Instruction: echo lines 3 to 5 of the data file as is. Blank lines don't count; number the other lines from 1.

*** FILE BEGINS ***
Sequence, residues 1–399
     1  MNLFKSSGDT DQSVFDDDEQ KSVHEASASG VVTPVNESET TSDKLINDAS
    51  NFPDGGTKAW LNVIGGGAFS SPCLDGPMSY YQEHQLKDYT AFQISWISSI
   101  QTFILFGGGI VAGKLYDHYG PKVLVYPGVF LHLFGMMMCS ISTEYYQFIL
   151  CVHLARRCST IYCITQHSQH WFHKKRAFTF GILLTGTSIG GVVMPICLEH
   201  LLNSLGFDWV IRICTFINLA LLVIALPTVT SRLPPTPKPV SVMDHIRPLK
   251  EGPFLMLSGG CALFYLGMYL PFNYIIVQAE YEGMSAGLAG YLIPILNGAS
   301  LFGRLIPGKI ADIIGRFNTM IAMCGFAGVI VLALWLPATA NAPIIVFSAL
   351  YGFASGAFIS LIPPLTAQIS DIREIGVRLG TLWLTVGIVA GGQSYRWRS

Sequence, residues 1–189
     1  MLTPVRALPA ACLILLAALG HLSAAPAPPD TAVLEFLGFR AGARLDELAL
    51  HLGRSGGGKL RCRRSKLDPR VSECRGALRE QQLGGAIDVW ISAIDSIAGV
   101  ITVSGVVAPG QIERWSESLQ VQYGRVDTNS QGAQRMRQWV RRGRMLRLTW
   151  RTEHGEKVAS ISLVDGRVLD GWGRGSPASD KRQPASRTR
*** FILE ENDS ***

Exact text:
    51  NFPDGGTKAW LNVIGGGAFS SPCLDGPMSY YQEHQLKDYT AFQISWISSI
   101  QTFILFGGGI VAGKLYDHYG PKVLVYPGVF LHLFGMMMCS ISTEYYQFIL
   151  CVHLARRCST IYCITQHSQH WFHKKRAFTF GILLTGTSIG GVVMPICLEH